Could this be the end of a ten-year run for multifamily investors? Will the massive run-up in equity gains continue to erode in the North Texas multifamily market? Although my crystal ball is a little hazy, I think we can make some informed predictions about the future of the multifamily market. To begin, let’s take a quick look back to “the peak” in 2021, analyze where we are in today’s market, and then I’ll share my forward-looking expectations.
The multifamily sales market came to a wait-and-see halt in 2020, but proven resiliency, multifamily asset performance, and pent-up demand unleashed a frenzy of market activity. Debt funds and balance sheet bridge lenders came back into the picture, and by the end of 2020, bridge all-in rates were under 5%. Given the strong demand and positive sentiment in the market, bridge lenders became much more aggressive in their underwriting standards and terms.
Throughout 2021, permanent debt options with government-sponsored enterprises (Fannie Mae and Freddie Mac, which had represented 80+ percent of financing in North Texas) couldn’t provide the leverage that investors needed to achieve projected returns for their investors at higher prices. In addition, long-term agency interest rates were about the same rates as short-term bridge financing. Essentially, bridge financing effectively poured rocket fuel on the multifamily market, and investors couldn’t get enough as multifamily properties began trading like stocks. Transactions routinely saw thirty to fifty offers, with four or more best and final rounds, as multifamily Buyers fought to win deals. By the end of 2021, cap rates were at all-time lows in the 3% range, while tax-adjusted cap rates were in the 1 to 2 percent range! Ultimately, the bridge debt market helped spur $27.9B in sales volume (Real Capital Analytics), a new record for volume in Dallas-Ft. Worth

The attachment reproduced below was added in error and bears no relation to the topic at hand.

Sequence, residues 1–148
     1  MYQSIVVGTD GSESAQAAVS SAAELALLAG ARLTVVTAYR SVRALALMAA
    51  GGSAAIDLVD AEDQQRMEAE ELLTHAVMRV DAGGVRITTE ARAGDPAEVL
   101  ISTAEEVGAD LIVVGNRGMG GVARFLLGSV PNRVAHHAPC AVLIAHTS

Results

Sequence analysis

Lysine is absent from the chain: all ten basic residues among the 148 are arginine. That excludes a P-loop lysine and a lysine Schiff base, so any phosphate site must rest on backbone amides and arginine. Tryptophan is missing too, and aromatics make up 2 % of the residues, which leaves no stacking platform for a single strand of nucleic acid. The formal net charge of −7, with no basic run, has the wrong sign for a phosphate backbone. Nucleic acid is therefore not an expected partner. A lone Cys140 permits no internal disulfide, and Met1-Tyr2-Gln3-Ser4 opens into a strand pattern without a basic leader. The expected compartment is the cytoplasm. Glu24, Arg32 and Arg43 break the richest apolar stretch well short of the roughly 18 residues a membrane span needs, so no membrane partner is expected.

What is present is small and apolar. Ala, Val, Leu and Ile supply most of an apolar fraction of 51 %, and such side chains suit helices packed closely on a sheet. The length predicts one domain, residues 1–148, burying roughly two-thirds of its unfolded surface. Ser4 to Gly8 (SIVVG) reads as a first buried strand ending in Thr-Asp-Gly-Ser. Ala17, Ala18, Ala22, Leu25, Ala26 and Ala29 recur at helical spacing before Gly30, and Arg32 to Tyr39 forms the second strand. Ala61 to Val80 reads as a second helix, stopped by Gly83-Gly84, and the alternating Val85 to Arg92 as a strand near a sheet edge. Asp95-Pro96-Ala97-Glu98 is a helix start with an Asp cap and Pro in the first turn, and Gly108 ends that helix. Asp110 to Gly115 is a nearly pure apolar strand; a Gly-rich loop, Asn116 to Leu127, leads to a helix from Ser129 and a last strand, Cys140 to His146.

Every party has to eventually end at some point, right? The Federal Reserve announced future rate increases and finally increased the Federal Funds rate in March to tame inflation. Due to rising rates and perceived future risk as the stock market started to decline towards bear market territory, bridge lenders became much more conservative in their underwriting and terms; ultimately, leverage decreased, and they increased their spreads over an index such as the Secured Overnight Financing Rate (SOFR).
To make matters worse, lenders didn’t just change terms for new loan applications, they changed their loan terms mid-transaction. Can you imagine having hundreds of thousands or even millions of dollars of non-refundable earnest money and prepaid fees as a lender is changing your terms from 75 percent loan-to-cost and a 3.5 percent floating interest rate to 65 percent loan-to-cost and a 4.25 percent floating interest rate? Many Buyers were forced to ask for price credits to maintain similar project economics. Some Sellers were willing to make a deal and move forward to a close, some sellers were not willing to make a deal, and the buyers lost their significant Earnest Money Deposit.